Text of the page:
Friday, August 20, 2010

How to Position Yourself as the Answer

People use the Internet for one thing – and one thing only.

Pornography.

Just kidding. (Actually, not really.)

TRUTH IS: People use the Internet to solve a problem.

That’s it.

That’s the number one thing typed into Google: A question.

How do you hunt elk?
How do you write a book?
How do you start your own membership website?
How do you successfully stalk your ex-girlfriend on Facebook with her finding out?

Hypothetically, of course.

Besides, she ain’t going to find out. Stalking isn’t illegal if you change your name, right?

Anyway. People use the Internet to ask questions and solve problems. Got it.

WHAT I WANT TO KNOW IS: What are you the answer to? What pervasive, expensive, real and urgent problem does your business solve – better, faster, smarter and cheaper than the other guys?

Because if you can’t answer those questions, you lose.

When you’re the answer, you can name your price.
When you’re the answer, you enhance your referability.
When you’re the answer, you position yourself as a Thought Leader.

When you’re the answer, people come to you.
When you’re the answer, people talk about you.
When you’re the answer, people come back to you.

Today we’re going to talk about how to position yourself, your brand and your organization as such:
1. Ask people you trust. Find ten people you trust – whose opinions matter – and ask them to reflect your value back to you. Specifically ask them, “What do you think I’m the answer to?”

The cool part about running this exercise is, their impressions might not be what you think. That’s the tricky thing about self-awareness: It’s rare that you define your own value. You’re simply too close to the subject to make an objective assessment.

“Sit in the assembly of the honest,” as The Bhagavad-Gita instructs. Then, ask people to reveal what you’re too close, too in love, too blind or too proud to see. Are you standing on a whale fishing for minnows?

2. Nothing beats raw experience. If all you’ve done is read a few hundred books and morphed yourself into a walking vending machine of quotations from a bunch of dead white guys, you’re not the answer – you’re a parrot. A hack. A ditto.

The only thing you’ll ever be the answer to is the occasional question during a drunken game of Trivial Pursuit. Which is great for parties but useless for profits.

Instead, you need hit the streets. Walk the factory floors. Scour the company warehouse. Get into people’s living rooms. Whatever displacement strategy will school you in the ways of the world.

The point is: You can’t solve people’s problems sitting in your office all day. Poet John Lecarre was onto something when he said, “A desk is a dangerous place to rule the world.” Are you interactive, reactive and proactive – or just googling all day?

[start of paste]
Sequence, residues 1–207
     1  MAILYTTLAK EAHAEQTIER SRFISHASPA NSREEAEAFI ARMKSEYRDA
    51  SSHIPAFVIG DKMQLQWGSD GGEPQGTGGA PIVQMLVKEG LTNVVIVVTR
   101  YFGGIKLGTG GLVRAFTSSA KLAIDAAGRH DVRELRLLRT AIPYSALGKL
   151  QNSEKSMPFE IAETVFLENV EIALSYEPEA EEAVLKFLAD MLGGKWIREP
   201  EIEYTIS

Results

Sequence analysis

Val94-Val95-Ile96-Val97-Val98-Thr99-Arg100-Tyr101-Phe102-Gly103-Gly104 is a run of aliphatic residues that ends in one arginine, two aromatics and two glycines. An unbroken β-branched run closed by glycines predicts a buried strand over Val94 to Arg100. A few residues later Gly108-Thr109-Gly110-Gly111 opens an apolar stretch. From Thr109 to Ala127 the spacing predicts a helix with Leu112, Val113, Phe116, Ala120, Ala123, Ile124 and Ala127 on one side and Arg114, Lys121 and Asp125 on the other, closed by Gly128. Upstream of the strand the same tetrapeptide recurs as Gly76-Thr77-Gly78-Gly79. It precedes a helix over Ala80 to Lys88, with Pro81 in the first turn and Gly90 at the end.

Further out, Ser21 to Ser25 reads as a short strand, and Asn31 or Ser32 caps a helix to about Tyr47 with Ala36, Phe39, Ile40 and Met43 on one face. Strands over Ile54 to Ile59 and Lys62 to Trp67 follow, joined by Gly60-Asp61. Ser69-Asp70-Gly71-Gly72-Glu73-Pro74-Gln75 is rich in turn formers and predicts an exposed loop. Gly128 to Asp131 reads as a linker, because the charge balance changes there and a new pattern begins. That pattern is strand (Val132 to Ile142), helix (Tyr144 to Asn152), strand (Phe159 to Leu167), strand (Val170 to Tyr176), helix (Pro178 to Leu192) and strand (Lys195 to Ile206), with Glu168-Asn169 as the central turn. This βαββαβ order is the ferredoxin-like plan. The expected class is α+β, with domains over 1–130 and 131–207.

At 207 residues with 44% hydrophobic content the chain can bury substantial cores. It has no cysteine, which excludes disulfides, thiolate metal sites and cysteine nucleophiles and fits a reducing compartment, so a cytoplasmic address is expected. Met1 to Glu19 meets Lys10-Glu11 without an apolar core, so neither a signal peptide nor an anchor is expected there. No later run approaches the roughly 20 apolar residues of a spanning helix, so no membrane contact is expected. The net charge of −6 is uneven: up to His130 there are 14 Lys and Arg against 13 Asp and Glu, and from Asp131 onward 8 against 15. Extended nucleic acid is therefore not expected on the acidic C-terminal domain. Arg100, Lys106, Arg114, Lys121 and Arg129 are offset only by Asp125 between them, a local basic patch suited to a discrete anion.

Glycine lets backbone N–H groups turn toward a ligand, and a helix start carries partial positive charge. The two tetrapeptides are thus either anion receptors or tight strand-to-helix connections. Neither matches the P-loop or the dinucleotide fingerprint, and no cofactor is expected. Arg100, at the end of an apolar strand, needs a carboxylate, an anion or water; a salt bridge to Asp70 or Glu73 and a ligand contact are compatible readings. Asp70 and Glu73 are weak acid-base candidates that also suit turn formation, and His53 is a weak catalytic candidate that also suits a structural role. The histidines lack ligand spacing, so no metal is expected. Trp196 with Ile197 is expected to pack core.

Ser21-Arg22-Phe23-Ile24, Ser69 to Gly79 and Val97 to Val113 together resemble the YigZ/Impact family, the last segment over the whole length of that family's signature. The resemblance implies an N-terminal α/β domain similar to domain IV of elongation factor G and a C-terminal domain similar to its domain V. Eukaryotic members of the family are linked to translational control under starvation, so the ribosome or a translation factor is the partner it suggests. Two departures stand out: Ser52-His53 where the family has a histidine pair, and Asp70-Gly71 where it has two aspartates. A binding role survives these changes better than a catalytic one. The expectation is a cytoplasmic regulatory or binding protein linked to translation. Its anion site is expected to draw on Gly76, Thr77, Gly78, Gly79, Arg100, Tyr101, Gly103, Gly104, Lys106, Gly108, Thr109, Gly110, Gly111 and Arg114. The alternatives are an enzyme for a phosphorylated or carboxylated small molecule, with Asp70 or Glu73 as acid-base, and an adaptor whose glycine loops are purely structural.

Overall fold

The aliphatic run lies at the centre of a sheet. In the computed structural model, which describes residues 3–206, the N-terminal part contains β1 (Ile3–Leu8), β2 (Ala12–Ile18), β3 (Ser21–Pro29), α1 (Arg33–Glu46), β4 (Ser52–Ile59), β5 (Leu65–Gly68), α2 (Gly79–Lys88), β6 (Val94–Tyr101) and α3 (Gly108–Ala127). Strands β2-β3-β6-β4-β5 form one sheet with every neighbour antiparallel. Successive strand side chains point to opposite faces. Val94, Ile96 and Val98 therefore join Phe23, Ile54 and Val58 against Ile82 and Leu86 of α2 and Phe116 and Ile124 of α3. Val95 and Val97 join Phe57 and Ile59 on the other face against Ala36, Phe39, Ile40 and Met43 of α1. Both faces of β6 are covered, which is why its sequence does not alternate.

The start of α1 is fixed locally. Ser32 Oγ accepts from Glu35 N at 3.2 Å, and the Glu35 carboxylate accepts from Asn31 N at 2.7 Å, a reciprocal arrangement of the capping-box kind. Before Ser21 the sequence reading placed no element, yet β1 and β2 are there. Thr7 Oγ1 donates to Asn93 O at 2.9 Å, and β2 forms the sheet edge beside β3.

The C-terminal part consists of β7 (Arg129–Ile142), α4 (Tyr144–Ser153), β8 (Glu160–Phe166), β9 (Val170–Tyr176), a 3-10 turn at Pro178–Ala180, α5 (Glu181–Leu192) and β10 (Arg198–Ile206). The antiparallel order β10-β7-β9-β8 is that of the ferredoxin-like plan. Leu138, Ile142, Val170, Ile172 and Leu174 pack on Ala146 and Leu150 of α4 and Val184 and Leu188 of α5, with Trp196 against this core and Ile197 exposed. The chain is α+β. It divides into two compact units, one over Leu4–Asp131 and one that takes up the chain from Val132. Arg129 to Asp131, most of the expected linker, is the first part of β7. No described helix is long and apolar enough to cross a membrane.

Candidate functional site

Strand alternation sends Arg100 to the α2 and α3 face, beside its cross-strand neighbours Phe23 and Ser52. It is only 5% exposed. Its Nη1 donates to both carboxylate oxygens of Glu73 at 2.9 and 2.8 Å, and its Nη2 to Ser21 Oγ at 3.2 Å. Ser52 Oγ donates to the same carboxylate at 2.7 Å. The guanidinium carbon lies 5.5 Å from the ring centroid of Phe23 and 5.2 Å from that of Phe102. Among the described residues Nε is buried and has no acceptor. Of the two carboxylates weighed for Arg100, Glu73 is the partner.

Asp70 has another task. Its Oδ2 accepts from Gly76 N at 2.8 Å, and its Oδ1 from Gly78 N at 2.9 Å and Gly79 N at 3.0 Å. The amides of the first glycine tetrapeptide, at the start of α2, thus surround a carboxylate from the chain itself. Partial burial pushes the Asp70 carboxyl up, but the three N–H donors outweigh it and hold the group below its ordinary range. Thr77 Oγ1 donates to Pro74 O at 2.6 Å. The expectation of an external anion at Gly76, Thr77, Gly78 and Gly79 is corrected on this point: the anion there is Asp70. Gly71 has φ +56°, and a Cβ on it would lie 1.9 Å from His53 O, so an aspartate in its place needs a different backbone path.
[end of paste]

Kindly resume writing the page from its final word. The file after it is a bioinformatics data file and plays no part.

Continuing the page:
3. Focus groups are amateurs. Don’t just learn about your customers’ business – learn about their brain. Try their heads on. Learn to think like them and you’ll be able to provide more customized service.

Fortunately, social media provides you with an all-you-can-eat buffet of options for doing so. That’s the biggest misconception: People assume social media is for selling. It’s not – it’s for solving. It’s a perpetual listening platform that will give you more insight into people’s brains that a hundred focus groups combined.

The hard part is, using social media for that purpose forces you to face reality with an open mind and even more open heart. But that’s the only way to hear with clean ears.

Who knows? Maybe you’ll learn that you’re spending millions of dollars positioning yourself as the answer to a problem nobody’s trying to solve. Are you fulfilling a compelling need for your target market or projecting onto that market what you think they should want?

4. The speed of the response is the response. If you plan to position yourself as the answer, you need to get back to people quickly. Especially if their problem is expensive and urgent.

And, even if you don’t have the answer right away, ping people back anyway. Let them know you’ve taken ownership of the problem and they can relax.

If possible, do this personally. Give people no choice but to deal directly with you. Either in person, over the phone or via email. But not with some bullshit autoresponder that lies to people, informing them that their call is very important to you, and that you’ll get back to them in the order in which their call was received.

Instead, use their first name and tell people you’re personally on the case. Doing research, making calls, uncovering stones, kissing babies, licking toads – whatever it takes to find the answer.

Then, once you strike gold, don’t just reconnect – reinforce the fact that you kept your promise. This reminds people of your ability to deliver answers consistently. How many unread emails are currently sitting in your inbox, collecting virtual dust?